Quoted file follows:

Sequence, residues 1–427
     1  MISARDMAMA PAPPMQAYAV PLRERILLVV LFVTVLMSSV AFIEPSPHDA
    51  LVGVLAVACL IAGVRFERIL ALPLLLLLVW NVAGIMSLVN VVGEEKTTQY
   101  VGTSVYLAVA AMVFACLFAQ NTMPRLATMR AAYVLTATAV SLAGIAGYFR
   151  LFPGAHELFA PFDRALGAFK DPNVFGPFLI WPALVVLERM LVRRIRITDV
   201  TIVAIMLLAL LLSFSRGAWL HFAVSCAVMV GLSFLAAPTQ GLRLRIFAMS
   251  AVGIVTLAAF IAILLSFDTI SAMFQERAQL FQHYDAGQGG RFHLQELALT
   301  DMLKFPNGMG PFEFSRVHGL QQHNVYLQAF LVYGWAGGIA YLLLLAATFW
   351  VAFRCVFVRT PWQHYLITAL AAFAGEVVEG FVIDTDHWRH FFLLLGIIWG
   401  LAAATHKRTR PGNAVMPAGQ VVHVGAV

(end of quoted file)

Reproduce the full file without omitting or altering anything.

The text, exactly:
Sequence, residues 1–427
     1  MISARDMAMA PAPPMQAYAV PLRERILLVV LFVTVLMSSV AFIEPSPHDA
    51  LVGVLAVACL IAGVRFERIL ALPLLLLLVW NVAGIMSLVN VVGEEKTTQY
   101  VGTSVYLAVA AMVFACLFAQ NTMPRLATMR AAYVLTATAV SLAGIAGYFR
   151  LFPGAHELFA PFDRALGAFK DPNVFGPFLI WPALVVLERM LVRRIRITDV
   201  TIVAIMLLAL LLSFSRGAWL HFAVSCAVMV GLSFLAAPTQ GLRLRIFAMS
   251  AVGIVTLAAF IAILLSFDTI SAMFQERAQL FQHYDAGQGG RFHLQELALT
   301  DMLKFPNGMG PFEFSRVHGL QQHNVYLQAF LVYGWAGGIA YLLLLAATFW
   351  VAFRCVFVRT PWQHYLITAL AAFAGEVVEG FVIDTDHWRH FFLLLGIIWG
   401  LAAATHKRTR PGNAVMPAGQ VVHVGAV